There has been a widespread myth of Phoenix (Quqnus in Arabic) in the Western World as well as the East. The tradition is believed to have originated in the ancient Greece, from where it spread to the Arabic and Persian mythology and finally found its way to India. The myth penetrated the Chitrali tradition, where the bird is called qoqnuz. According to the folklore, Khowar music started with the melody of this bird. The Myth goes as follows:
Qoqnuz is a very rare bird with 360 pores in its beak; each of these pores producing a unique melody. This makes the qoqnuz melody or the raag of qoqnuz. The bird lives a long life up to some 500 years. When it reaches its fragile age, it collects a large pile of wood and sits atop it. Then the bird sings a specific song, the wood catch fire and burns the bird to ashes. When the spring comes and the first drop of the rain falls on the ashes, an egg is formed, from which a new qoqnuz hatches out again. This cycle of birth and rebirth continue this way for ever.
It should be remembered that every raag has a certain rus; it is up to the expertise of the artiste how he or she renders the raag to realize the rus of the raag. The sur (note) and the shurties (place between the notes) have the properties to make the tapestry of sentiments and as well as to feel a certain raag. Rus is the essence of the raag which give a certain raag a specific color and make it different and unique from other raags. When the essence of the raag takes climax and reaches its highest peak then the feathers of qoqnuz catch fire.
The Chitrali folklore further says:
Once upon a time four individuals belong to a common village went in search of qoqnuz. One of them was a female. They found the nest of quqnus and sat near it waiting for the song.The bird came out, sat on the pile and sang its song. But alas! the four individuals could only remember one raag each. These four are named after each of these individuals. They raags are Berangi, Kroy Komou, Shah Mardan Khan and Ali Sher Khan. These raags are called as the hang of qoqnoz or the melody of qoqnoz. It is said that all the melodies of Chitral originated from these four raags.
The bol of these raags did not survive long and people only remembered the melodies, rendred on instruments like surnai (clarinet) flute and sitar. In ancient times too, not many performers were not familiar with these melodies. In modern time there is no one in Chitral who can either play or identify all the four raags. In the recent past, some names like Shah Gule Zar, Ali Zahoor Khan and Farman Ali Taj were famous sitar players and could perform all the four raags. Shah Gule Zar’s son Afsar Khan of Miragram-I, a renowned sitar player of his time, could play one raag out of the four. I personally interviewed him and and recorded his sitar. In the present day, Chairman Shoukat Ali, sitar player and composer, could perform one of the melodies of qoqnoz called Ali Sher Khan but he could neither play nor identify the other four. Even the recently departed legendary Ustad Taleem Khan, well known surnai player, could not play any of the melodies of qoqnoz.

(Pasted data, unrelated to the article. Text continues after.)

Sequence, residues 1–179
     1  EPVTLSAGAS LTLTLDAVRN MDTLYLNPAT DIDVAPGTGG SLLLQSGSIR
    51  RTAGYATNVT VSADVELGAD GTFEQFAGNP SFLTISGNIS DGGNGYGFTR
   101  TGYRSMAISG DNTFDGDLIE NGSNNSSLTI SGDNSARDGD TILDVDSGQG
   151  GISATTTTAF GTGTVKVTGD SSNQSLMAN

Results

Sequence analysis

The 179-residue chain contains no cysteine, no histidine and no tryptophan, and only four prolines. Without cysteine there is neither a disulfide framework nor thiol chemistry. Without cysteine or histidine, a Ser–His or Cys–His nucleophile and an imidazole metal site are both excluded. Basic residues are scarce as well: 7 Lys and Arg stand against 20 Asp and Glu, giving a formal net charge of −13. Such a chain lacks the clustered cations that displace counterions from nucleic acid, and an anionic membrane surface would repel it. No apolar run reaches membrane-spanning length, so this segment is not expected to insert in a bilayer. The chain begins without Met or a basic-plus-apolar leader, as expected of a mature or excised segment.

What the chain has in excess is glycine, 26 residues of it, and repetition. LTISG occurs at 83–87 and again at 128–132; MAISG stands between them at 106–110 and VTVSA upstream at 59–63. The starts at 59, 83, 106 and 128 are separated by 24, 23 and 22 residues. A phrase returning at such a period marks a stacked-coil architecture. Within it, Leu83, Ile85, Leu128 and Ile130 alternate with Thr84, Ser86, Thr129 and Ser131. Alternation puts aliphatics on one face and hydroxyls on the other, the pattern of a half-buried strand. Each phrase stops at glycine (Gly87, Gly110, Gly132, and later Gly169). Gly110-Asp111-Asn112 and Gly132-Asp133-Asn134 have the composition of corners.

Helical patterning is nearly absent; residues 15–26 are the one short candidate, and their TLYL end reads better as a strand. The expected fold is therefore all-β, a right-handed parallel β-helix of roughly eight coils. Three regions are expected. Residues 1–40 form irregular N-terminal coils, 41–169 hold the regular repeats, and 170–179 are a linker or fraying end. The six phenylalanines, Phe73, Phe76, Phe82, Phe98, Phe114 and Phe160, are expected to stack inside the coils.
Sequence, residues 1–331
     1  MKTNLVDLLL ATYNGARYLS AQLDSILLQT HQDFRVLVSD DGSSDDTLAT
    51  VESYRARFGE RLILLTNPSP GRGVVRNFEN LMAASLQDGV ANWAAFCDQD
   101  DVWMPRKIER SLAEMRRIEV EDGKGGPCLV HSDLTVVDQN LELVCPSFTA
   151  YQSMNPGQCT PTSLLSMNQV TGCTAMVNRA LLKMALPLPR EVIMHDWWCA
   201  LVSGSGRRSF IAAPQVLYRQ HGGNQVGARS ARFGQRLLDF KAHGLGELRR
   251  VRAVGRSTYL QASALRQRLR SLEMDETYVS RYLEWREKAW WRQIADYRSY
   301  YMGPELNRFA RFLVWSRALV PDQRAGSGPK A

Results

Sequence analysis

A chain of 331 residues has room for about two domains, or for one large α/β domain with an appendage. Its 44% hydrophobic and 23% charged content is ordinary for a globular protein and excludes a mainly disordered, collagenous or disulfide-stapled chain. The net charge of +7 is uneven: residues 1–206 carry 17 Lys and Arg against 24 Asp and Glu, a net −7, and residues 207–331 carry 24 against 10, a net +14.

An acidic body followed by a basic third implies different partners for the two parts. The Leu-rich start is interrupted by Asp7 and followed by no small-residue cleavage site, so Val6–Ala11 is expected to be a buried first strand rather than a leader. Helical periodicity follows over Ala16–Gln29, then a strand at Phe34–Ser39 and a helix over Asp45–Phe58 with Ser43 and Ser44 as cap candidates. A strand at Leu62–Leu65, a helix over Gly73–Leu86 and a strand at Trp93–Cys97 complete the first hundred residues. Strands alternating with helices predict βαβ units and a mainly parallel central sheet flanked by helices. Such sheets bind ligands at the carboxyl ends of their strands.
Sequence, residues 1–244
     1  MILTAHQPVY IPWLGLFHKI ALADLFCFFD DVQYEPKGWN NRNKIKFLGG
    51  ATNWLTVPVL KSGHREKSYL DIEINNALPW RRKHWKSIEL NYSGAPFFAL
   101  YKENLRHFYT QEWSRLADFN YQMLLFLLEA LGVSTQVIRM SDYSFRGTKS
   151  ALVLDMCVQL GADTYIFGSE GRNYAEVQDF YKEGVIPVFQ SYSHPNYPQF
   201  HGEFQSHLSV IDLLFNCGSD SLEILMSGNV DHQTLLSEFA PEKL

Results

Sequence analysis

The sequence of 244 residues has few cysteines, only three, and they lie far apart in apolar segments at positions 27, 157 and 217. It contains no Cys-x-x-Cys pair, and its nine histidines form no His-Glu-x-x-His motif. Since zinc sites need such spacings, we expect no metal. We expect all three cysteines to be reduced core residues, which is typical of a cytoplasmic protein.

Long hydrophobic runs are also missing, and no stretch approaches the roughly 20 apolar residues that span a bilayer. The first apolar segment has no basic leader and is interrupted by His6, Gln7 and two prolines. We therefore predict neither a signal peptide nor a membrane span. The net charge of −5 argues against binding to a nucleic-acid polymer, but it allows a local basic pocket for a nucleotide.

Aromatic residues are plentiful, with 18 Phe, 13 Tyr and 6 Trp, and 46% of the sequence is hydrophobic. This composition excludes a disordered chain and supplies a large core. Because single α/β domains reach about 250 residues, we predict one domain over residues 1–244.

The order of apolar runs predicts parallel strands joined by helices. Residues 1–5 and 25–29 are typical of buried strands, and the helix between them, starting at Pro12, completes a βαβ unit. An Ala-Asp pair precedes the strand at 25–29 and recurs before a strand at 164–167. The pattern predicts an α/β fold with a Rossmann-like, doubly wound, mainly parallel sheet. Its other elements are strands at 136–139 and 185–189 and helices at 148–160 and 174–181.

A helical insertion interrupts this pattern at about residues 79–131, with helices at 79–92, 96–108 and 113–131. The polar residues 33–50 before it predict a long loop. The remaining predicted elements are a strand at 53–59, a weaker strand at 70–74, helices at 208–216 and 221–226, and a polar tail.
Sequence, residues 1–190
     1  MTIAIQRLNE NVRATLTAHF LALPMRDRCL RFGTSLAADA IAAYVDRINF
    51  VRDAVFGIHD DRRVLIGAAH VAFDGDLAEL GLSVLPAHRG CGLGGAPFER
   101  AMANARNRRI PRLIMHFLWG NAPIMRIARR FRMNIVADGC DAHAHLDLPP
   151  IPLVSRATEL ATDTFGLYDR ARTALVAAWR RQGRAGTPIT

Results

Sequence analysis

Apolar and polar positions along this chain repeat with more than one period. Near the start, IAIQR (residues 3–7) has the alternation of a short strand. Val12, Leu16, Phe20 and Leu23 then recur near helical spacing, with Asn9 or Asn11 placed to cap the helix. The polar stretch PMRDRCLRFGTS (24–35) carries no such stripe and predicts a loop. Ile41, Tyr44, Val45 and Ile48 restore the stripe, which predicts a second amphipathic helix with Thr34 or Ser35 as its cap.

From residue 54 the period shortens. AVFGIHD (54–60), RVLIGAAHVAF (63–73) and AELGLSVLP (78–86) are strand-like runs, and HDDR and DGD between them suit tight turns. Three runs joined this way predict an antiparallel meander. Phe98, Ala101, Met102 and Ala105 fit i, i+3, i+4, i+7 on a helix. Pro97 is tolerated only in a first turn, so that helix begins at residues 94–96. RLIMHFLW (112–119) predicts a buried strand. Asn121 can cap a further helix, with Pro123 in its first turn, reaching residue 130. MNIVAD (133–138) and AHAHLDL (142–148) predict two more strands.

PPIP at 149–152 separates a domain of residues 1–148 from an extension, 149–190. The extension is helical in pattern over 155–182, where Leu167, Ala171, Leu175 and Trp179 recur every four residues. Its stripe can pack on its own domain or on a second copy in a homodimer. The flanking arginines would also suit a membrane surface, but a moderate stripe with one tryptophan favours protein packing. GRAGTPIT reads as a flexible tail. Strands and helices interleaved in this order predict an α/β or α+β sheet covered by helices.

The exponents of Khowar music classified Khowar music into two groups. One is called dani and the other sauz. When I was researching about Chitrali music, from National College of Arts (NCA) Lahore, I came to the conclusion that dani and sauz are only the name of lay (tempo). In Indian classical music, there are three types of tempo namely, vilambat, mad and drut. Vilambat is slow, mad is fast and drut is faster. While in Khowar music there are only two which are dani and sauz. Ironically the modern musicologists and the musicians of Chitral misunderstood dani and sauz as two different forms of music rather than two different tempos.